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Stroke. 2014 Dec;45(12):3597-605. doi: 10.1161/STROKEAHA.114.007404. Epub 2014 Nov 11.

Arteriopathy diagnosis in childhood arterial ischemic stroke: results of the vascular effects of infection in pediatric stroke study.

Author information

1
From the Neuroradiology Division, Department of Radiology, Stanford University, CA (M.W.); Department of Neurology (N.K.H., K.S., H.J.F.), Departments of Biostatistics and Epidemiology (N.K.H.), Department of Radiology (A.J.B.), and Department of Pediatrics (A.J.B., H.J.F), University of California at San Francisco; Department of Neurology, Hospital for Sick Children, Toronto, Ontario, Canada (G.A.d.); Departments of Neurology and Epidemiology, Columbia University College of Physicians and Surgeons and Mailman School of Public Health, New York, NY (M.S.V.E.); Department of Neurology, Military General Hospital of Beijing PLA, Beijing, China (G.Z.); Department of Radiology, University of Virginia, Charlottesville, VA (C.L.-S.); Department of Neurology, Guangdong No. 2 Provincial People's Hospital, Guangzhou, China (Q.H.); Departments of Pediatrics and Neurology and Neurotherapeutics, University of Texas Southwestern Medical Center, Dallas (M.M.D.); Department of Pediatrics, University of Colorado, Denver (T.J.B.); Center for Pediatric Neurology, Neurological Institute, Cleveland Clinic, OH (N.R.F.); and Departments of Neurology and Pediatrics, Perelman School of Medicine, University of Pennsylvania, Children's Hospital of Philadelphia (R.N.I.).
2
From the Neuroradiology Division, Department of Radiology, Stanford University, CA (M.W.); Department of Neurology (N.K.H., K.S., H.J.F.), Departments of Biostatistics and Epidemiology (N.K.H.), Department of Radiology (A.J.B.), and Department of Pediatrics (A.J.B., H.J.F), University of California at San Francisco; Department of Neurology, Hospital for Sick Children, Toronto, Ontario, Canada (G.A.d.); Departments of Neurology and Epidemiology, Columbia University College of Physicians and Surgeons and Mailman School of Public Health, New York, NY (M.S.V.E.); Department of Neurology, Military General Hospital of Beijing PLA, Beijing, China (G.Z.); Department of Radiology, University of Virginia, Charlottesville, VA (C.L.-S.); Department of Neurology, Guangdong No. 2 Provincial People's Hospital, Guangzhou, China (Q.H.); Departments of Pediatrics and Neurology and Neurotherapeutics, University of Texas Southwestern Medical Center, Dallas (M.M.D.); Department of Pediatrics, University of Colorado, Denver (T.J.B.); Center for Pediatric Neurology, Neurological Institute, Cleveland Clinic, OH (N.R.F.); and Departments of Neurology and Pediatrics, Perelman School of Medicine, University of Pennsylvania, Children's Hospital of Philadelphia (R.N.I.). fullertonh@neuropeds.ucsf.edu.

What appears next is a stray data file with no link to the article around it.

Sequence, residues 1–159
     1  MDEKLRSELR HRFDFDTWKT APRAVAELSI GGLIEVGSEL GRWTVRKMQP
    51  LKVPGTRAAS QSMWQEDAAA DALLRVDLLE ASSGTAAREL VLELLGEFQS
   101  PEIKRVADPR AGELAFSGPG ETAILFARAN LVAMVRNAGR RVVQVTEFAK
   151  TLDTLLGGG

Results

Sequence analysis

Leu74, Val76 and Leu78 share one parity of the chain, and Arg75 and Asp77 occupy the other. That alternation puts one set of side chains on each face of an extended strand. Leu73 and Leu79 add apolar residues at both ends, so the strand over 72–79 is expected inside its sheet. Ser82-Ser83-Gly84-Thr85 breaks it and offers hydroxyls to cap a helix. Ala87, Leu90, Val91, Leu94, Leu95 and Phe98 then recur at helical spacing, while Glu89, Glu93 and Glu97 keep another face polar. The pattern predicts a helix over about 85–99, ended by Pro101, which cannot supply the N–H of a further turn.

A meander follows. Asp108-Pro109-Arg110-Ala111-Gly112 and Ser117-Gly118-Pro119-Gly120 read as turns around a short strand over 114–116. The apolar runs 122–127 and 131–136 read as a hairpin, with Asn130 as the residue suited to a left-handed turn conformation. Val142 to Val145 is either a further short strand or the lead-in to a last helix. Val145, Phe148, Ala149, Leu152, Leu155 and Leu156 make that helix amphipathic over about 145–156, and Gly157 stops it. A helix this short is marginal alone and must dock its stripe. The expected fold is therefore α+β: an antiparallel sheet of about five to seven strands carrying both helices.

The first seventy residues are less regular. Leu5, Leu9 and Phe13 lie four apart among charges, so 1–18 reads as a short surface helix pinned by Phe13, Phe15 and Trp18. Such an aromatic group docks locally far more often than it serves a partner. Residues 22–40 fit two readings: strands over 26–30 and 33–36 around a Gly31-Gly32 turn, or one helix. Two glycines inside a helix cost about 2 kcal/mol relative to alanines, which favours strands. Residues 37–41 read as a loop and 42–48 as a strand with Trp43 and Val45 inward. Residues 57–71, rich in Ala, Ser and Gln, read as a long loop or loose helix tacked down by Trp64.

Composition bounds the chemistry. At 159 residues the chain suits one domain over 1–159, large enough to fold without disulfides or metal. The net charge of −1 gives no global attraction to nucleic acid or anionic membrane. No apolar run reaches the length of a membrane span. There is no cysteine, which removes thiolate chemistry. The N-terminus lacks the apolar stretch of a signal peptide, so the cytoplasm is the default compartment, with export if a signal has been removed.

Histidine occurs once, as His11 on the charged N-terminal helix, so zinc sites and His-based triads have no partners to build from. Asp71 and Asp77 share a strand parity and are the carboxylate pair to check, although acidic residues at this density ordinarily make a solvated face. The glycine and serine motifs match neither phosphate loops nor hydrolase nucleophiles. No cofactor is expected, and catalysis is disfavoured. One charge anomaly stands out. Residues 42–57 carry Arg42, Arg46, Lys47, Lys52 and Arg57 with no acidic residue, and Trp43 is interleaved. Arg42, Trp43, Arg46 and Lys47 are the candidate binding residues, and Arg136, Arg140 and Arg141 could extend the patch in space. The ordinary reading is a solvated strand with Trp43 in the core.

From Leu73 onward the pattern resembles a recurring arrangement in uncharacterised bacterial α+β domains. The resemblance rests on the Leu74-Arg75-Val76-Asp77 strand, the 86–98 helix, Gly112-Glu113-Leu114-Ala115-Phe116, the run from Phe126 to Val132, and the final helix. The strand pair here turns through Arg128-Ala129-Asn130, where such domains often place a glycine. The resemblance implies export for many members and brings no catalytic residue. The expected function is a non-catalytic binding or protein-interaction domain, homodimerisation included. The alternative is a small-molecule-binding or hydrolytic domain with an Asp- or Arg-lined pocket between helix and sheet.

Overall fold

Abstract

BACKGROUND AND PURPOSE:

Although arteriopathies are the most common cause of childhood arterial ischemic stroke, and the strongest predictor of recurrent stroke, they are difficult to diagnose. We studied the role of clinical data and follow-up imaging in diagnosing cerebral and cervical arteriopathy in children with arterial ischemic stroke.

METHODS:

Vascular effects of infection in pediatric stroke, an international prospective study, enrolled 355 cases of arterial ischemic stroke (age, 29 days to 18 years) at 39 centers. A neuroradiologist and stroke neurologist independently reviewed vascular imaging of the brain (mandatory for inclusion) and neck to establish a diagnosis of arteriopathy (definite, possible, or absent) in 3 steps: (1) baseline imaging alone; (2) plus clinical data; (3) plus follow-up imaging. A 4-person committee, including a second neuroradiologist and stroke neurologist, adjudicated disagreements. Using the final diagnosis as the gold standard, we calculated the sensitivity and specificity of each step.

RESULTS:

Cases were aged median 7.6 years (interquartile range, 2.8-14 years); 56% boys. The majority (52%) was previously healthy; 41% had follow-up vascular imaging. Only 56 (16%) required adjudication. The gold standard diagnosis was definite arteriopathy in 127 (36%), possible in 34 (9.6%), and absent in 194 (55%). Sensitivity was 79% at step 1, 90% at step 2, and 94% at step 3; specificity was high throughout (99%, 100%, and 100%), as was agreement between reviewers (κ=0.77, 0.81, and 0.78).

CONCLUSIONS:

Clinical data and follow-up imaging help, yet uncertainty in the diagnosis of childhood arteriopathy remains. This presents a challenge to better understanding the mechanisms underlying these arteriopathies and designing strategies for prevention of childhood arterial ischemic stroke.

KEYWORDS:

cerebral arterial diseases; pediatrics; stroke; transient ischemic attack

PMID:
25388419
PMCID:
PMC4260818
DOI:
10.1161/STROKEAHA.114.007404
[Indexed for MEDLINE]
Free PMC Article

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